I’ve written before about the once great status of Mormon theatre, and the infrastructure it once enjoyed. So I was pleased to find comments about the beginning of this infrastructure from Horace G. Whitney, longtime Deseret News editor-in-chief and the paper’s drama critic. In my opinion infrastructure, broadly conceived, accounts for much of what has happened in Mormon drama over the past century. Whitney, in the article below, describes a vision of how drama could operate under the MIA and ward amusement committees (which were roughly the equivalent of the recently disbanded ward activities committees, I assume).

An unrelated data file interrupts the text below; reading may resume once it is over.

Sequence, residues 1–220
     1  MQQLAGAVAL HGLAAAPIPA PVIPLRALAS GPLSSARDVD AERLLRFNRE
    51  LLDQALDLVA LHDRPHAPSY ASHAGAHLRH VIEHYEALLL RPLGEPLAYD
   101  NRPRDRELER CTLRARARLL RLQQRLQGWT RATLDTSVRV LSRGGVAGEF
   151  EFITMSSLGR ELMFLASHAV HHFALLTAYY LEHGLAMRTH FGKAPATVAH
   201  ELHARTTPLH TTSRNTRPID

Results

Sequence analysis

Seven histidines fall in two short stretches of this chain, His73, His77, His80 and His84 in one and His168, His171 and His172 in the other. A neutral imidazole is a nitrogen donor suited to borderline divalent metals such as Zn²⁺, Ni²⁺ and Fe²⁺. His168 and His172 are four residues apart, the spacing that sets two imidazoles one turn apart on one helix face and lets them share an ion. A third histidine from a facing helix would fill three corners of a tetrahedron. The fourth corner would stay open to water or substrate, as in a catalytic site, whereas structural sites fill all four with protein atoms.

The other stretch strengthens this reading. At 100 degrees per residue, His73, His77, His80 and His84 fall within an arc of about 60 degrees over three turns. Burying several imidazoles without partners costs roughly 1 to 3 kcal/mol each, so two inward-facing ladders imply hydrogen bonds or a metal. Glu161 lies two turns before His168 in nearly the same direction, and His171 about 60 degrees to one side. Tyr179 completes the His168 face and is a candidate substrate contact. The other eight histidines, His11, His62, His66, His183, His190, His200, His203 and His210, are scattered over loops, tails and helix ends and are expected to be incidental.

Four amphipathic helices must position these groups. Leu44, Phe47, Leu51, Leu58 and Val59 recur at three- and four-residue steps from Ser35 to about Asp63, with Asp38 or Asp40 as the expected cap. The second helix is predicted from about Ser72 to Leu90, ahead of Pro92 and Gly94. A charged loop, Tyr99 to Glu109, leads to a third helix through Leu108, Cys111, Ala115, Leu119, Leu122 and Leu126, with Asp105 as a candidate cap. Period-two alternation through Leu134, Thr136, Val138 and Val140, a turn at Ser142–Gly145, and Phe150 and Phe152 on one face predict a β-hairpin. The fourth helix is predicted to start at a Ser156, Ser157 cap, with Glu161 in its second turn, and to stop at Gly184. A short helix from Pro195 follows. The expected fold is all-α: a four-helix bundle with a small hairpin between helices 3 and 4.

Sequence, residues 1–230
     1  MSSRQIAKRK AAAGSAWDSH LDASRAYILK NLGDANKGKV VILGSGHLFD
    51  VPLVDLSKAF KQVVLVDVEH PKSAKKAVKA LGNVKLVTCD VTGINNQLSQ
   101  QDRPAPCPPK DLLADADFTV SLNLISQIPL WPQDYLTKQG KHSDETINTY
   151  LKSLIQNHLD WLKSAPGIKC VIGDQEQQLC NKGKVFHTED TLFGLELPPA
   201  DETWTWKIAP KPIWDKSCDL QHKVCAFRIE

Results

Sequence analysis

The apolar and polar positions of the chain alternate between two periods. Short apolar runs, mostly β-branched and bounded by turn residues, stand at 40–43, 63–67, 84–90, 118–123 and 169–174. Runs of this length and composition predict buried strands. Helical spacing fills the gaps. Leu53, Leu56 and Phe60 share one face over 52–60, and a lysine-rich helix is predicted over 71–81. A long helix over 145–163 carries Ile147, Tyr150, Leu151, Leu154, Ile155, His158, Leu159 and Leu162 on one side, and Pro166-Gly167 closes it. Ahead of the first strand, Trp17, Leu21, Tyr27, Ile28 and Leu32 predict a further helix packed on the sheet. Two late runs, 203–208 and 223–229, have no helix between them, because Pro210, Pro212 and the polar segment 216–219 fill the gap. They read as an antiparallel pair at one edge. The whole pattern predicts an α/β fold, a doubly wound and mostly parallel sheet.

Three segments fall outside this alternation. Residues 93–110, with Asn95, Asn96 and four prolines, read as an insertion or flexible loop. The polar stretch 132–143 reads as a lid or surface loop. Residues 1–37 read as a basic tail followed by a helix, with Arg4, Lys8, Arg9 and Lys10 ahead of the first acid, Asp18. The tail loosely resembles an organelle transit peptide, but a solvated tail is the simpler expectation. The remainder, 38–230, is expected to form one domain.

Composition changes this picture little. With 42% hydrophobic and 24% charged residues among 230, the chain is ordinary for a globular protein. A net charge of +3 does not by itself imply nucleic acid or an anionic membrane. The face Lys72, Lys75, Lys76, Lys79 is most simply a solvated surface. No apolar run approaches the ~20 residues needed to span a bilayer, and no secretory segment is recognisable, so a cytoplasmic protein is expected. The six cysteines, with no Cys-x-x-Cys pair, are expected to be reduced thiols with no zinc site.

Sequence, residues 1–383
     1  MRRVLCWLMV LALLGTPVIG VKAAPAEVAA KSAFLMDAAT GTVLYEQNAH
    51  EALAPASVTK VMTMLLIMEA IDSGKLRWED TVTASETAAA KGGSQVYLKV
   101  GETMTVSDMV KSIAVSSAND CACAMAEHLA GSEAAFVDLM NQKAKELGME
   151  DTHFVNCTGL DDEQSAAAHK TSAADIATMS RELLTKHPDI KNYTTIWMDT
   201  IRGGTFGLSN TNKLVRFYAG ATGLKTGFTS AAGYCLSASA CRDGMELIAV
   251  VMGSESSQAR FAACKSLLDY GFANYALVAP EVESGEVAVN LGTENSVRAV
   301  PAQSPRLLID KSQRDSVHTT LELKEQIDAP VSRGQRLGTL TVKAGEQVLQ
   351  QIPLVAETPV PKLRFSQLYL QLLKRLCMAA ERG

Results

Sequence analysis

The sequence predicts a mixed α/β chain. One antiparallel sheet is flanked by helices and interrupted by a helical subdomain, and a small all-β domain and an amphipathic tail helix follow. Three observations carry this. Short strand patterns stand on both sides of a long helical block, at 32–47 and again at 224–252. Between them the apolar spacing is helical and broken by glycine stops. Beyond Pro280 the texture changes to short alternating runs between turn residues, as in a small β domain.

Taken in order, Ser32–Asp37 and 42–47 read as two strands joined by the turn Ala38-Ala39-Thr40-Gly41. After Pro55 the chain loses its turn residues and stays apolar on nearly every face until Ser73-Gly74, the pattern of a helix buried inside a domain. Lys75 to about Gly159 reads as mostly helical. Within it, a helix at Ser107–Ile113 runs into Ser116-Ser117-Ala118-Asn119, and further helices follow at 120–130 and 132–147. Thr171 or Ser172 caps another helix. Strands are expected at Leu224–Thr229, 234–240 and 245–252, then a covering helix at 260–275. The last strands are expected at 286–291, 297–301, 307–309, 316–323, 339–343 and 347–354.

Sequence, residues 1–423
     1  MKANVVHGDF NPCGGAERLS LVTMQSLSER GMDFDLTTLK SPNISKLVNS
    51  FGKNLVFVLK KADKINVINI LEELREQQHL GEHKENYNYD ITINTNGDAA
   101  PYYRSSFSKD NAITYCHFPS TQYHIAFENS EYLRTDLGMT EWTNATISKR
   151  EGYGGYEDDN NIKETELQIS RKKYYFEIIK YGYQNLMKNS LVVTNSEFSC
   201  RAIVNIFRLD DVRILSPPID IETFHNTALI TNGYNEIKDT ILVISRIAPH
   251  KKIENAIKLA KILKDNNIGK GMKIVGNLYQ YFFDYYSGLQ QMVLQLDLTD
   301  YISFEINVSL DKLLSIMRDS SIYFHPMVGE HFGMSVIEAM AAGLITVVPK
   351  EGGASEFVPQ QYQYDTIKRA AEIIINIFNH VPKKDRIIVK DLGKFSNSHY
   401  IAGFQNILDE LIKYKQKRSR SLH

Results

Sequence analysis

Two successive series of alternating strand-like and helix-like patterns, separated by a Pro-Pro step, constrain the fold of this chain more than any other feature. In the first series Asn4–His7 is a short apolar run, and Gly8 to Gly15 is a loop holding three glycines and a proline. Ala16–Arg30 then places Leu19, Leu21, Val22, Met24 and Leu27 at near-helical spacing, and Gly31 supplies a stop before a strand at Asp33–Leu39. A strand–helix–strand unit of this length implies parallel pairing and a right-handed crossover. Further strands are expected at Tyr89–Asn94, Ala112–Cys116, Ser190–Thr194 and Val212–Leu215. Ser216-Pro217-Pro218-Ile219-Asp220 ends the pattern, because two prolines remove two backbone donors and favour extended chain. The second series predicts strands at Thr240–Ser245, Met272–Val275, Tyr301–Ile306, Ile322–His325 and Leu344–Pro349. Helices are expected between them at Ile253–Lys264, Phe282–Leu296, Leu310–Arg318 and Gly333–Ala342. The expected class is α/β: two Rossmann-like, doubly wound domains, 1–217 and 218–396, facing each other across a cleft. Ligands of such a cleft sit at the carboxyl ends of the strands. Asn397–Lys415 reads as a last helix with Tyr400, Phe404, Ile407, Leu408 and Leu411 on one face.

If you look at Mormon Literature in terms of how many church members interacted with it—i.e., how many members were involved either in its production or its consumption—one literary form was likely the King of Mormon Literature from the 1930s through perhaps 1970: Drama.